Defining Successful Career Engagement

Over the eight years that I’ve been coaching executives, in addition to my standard CIO engagements, I have started to partner with three new and unique groups of people who have been reaching out to me for support.

The first group consists of people in transition. There was a time when people were unemployed primarily because of performance-related issues.

These days, however, it’s more likely that many of these talented individuals have found themselves on the wrong end of a merger or acquisition. In other cases, their company or industry—which was once rock solid and successful—has been disintermediated in the marketplace due to new ways of doing business. All of these external factors can impact a person’s employment in ways that he or she may not have prepared for … or even imagined.

The second group includes people who are underemployed. They have demonstrated the ability to contribute on a broader scale than they are currently being allowed to do, but their organizations may have a very specific and limited idea of what these individuals can contribute.

I call these “job description” executives. They are being pigeonholed into a small discrete box of contributions, rather than being seen as problem-solvers and innovators who can help their organization embrace larger and more strategic opportunities.

The third group consists of the unhappily employed. They are making a good living and have all the outward attributes of what we were taught to believe is success.

However, they are finding themselves in soul-sucking situations, in which they are emotionally going through the motions that are akin to hamsters running on a treadmill. They feel in their hearts that there should be more to life than paying the mortgage, but there are checks to write, and that keeps them shackled to a grindstone that stopped bringing them joy long ago.

Getting Re-energized

I have begun to work with a fair number of these types of clients to help them get re-energized and working at opportunities where they can feel alive again. Each of them has to go through a number of emotional phases, which I help them get through.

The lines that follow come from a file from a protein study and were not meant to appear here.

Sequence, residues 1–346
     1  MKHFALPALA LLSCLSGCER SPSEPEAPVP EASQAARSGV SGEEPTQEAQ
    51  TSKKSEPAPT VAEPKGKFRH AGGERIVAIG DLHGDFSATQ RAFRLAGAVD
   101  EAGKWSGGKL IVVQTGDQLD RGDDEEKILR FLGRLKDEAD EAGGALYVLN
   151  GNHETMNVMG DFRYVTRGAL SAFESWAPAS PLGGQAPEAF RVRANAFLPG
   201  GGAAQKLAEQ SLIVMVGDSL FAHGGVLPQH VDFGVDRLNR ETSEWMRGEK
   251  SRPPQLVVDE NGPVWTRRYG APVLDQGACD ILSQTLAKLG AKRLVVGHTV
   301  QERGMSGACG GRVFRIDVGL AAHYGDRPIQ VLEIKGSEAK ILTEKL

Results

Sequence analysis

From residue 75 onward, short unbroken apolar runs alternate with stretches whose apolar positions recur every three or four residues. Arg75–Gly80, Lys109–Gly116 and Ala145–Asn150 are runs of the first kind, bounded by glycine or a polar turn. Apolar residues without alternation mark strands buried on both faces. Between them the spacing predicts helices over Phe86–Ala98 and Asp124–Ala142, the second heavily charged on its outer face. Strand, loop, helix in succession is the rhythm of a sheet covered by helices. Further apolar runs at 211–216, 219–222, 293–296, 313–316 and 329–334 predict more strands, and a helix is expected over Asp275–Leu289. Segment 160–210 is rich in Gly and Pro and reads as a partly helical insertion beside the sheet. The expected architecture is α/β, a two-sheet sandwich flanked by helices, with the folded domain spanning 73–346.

The first phase is what I call the “Pete Townshend phase” … or to use the line that we hear incessantly on the intro to CSI, “Who Are You?” (BTW, I’m sure Pete is making more on royalties from CSI than he ever did when the Who released that song!)

Most people think of themselves as their business card. If their business card says their title is CIO, then they naturally look at other CIO opportunities. They don’t think outside of this career box and look at themselves as more than just a title.

Instead, these executives should think of themselves as individuals with a comprehensive set of competencies and experiences that can help organizations solve challenging problems and leverage exciting opportunities.

The second emotional phase involves getting over the fact that, whether we like it or not, each of us has a personal brand, and we have to be able to quickly and effectively articulate this brand to prospective employers and partners to help them understand the value we can bring to them in a new engagement.

This is more than just the proverbial elevator speech. It’s more about promoting who you are and articulating your personal value proposition.

There are more phases that I will write about in the future, but I wanted you to start thinking about yourself and your career opportunities differently. Hopefully, these words have you starting down that road.

Larry Bonfante is an award-winning CIO with 35 years of experience in the IT industry. As the founder of CIO Bench Coach, he has served as an executive coach and trusted adviser to executives at some of the most prestigious companies in the world. You can contact him on email at and follow him on Twitter at @bonfante.

Larry Bonfante
Larry Bonfante
Larry Bonfante is a practicing CIO and founder of CIO Bench Coach, LLC, an executive coaching practice for IT executives. He is also the author of Lessons in IT Transformation, published by John Wiley & Sons. He can be reached at

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